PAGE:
However, springless trampolines are more expensive than coiled-spring trampolines, as their safer design makes them more sought-after trampolines. The Vuly Thunder Large (12 ft) features a promising 4.2-star rating, but costs $1,549.

If you’re looking for a more affordable trampoline, but would still prefer to prioritise a trampoline with a bevvy of safety features, the Little Nation 12ft Trampoline is a popular pick, and costs $369.95.

Its features include a curved pole design with padding on top, to minimise any chance of contact beyond the enclosure net with energetic bounces, a zipless entry that uses an overlapping flap to automatically close, a UV-treated net, and powder-coated galvanised frame.

Build quality

Vuly 14ft Extra Large Lift 2 Trampoline

Choose a trampoline with a heavy duty frame that’s thickly built. Trampolines with a galvanised finish and power-coated finish help prevent rust and add to the durability factor. Since it'll live outdoors, your trampoline should also be UV-resistant so it doesn’t ‘crack’ under the pressure of the harsh Aussie sun. You can also get trampolines, such as a Vuly trampoline, with a fitted shade cover.

Choosing a trampoline with a solid build quality will make your trampoline purchase more expensive. For example, the Kmart 14ft Trampoline with Enclosure is made using coil springs, and is affordable at $269. The Vuly 14ft (Extra Large) Lift 2 Round Trampoline (pictured, above) is also designed with coil springs, but is dearer $1,647.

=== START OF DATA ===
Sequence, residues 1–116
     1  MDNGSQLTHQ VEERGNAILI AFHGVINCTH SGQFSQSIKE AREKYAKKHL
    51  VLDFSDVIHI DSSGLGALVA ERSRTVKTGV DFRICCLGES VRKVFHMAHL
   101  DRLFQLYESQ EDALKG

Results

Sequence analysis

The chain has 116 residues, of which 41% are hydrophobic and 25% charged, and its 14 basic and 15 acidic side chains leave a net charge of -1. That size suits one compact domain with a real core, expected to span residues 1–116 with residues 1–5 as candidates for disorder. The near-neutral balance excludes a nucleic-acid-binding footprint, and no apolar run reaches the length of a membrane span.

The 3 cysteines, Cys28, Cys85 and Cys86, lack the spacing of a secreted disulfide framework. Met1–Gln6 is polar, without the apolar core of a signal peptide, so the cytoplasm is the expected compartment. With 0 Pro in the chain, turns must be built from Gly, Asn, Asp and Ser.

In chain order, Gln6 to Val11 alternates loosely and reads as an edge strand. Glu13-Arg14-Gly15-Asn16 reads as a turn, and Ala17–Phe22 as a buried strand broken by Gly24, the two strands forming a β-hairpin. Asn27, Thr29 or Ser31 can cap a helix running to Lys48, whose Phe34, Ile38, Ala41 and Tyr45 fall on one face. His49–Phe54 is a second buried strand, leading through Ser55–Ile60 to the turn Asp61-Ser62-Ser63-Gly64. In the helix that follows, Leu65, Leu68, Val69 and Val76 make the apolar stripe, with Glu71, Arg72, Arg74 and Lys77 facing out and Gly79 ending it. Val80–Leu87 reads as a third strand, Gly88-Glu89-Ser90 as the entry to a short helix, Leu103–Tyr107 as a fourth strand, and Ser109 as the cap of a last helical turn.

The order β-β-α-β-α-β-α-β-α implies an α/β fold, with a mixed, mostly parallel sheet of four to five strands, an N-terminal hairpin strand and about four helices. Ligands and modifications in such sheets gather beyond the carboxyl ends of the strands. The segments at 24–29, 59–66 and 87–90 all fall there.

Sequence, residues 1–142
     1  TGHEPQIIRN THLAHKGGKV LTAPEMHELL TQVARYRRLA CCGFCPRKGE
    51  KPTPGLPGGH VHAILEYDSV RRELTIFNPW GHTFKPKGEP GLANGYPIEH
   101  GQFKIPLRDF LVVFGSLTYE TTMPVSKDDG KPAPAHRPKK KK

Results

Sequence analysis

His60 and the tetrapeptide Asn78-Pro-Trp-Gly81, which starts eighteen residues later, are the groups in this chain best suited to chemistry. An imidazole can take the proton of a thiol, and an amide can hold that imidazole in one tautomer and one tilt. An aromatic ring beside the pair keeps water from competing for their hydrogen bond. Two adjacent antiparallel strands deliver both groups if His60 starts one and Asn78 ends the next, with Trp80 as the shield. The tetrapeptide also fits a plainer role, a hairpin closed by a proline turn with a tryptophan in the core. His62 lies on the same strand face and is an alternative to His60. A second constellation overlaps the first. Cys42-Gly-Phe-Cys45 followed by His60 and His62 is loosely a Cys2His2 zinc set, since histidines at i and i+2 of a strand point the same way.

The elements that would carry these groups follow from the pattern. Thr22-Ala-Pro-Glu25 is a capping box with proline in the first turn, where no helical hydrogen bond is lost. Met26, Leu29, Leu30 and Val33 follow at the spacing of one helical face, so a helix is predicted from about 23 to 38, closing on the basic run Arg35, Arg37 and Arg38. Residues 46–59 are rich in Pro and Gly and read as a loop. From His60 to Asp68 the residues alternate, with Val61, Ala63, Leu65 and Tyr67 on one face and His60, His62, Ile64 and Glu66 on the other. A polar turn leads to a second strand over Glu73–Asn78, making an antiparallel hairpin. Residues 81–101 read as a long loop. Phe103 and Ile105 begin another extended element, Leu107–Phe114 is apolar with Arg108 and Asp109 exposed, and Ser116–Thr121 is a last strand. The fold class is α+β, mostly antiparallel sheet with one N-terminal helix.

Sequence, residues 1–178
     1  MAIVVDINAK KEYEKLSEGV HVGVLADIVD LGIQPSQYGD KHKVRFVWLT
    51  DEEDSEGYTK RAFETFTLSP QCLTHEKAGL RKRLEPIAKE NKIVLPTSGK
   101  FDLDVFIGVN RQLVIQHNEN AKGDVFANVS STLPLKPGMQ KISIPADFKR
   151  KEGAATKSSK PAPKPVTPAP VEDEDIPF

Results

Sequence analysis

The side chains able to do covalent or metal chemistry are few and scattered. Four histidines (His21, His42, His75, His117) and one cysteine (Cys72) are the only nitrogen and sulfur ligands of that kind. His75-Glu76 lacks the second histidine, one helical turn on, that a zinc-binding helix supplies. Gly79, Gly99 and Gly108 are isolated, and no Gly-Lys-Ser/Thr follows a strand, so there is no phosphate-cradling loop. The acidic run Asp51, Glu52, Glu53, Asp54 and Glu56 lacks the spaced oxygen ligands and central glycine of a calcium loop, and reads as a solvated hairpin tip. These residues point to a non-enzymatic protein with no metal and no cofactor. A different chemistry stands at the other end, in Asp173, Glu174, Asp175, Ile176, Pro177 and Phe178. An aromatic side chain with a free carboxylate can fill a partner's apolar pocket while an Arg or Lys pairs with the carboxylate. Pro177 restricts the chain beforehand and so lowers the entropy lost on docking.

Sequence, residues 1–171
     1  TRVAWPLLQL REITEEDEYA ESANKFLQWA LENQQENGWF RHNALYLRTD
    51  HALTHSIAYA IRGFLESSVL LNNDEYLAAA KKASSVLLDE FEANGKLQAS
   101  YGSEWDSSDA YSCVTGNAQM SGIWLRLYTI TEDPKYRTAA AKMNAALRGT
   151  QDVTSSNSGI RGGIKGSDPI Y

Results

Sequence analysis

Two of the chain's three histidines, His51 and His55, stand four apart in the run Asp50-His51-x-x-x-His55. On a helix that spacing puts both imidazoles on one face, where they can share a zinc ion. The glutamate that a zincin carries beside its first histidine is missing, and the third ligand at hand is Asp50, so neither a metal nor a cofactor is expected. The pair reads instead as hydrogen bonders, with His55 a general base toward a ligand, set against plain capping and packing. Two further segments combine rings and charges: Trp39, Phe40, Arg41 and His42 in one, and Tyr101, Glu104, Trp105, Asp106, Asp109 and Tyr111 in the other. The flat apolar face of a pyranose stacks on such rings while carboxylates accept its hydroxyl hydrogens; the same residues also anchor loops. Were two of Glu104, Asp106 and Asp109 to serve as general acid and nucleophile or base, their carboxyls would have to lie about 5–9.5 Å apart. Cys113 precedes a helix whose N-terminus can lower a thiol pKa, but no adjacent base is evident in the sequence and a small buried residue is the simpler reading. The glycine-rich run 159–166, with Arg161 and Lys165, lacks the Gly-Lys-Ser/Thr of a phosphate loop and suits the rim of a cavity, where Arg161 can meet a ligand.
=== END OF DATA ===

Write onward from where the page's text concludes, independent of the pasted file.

A significant factor in the price difference is build quality. The Vuly model's steel-galvanised frame includes powder coating as well as a UV-resistant enclosure, while the Kmart mdodel is constructed from steel and a poly-blend. Going with a company that specialises in making trampolines may also make it easier to source spare parts after your purchase.

Safety

While having fun on a trampoline is a priority, it should never come at the expense of keeping safe. To do this, there are a few essential safety precautions you can take to ensure everyone can keep jumping for joy, not pain.

  • Padding: If you're investing in a coiled-spring trampoline, make sure the springs are securely and completely covered by thick padding. This helps safeguards against tears or torn skin in the event of a fall. If the springs are outside a safety net, this adds even more protection, which is ideal for safety reasons.
  • Safety nets: This helps keep jumpers from falling off the edge of the trampoline, or rebounding onto the hard ground by accident. Look for an enclosure that's secured firmly to the edges of the trampoline. If you have an older trampoline that still offers good bounce but is in need of a safety revamp, you can purchase compatible padding and safety nets separately and attach them to your trampoline.
  • Weight limits: Knowing your trampoline's maximum weight is essential to safe jumping. While weight limits will be specified by the manufacturer, check that a prospective trampoline has passed Australian safety standards, which are voluntary. When tested and approved, trampolines can take up to 5 times the weight of the load they claim to.
  • Adult supervision: Needless to say, there's no substitute for quality adult supervision, especially when younger kids are jumping on the trampoline. As they're generally less spatially aware, a wild unsupervised trampolining sessions could result in some unhappy accidents.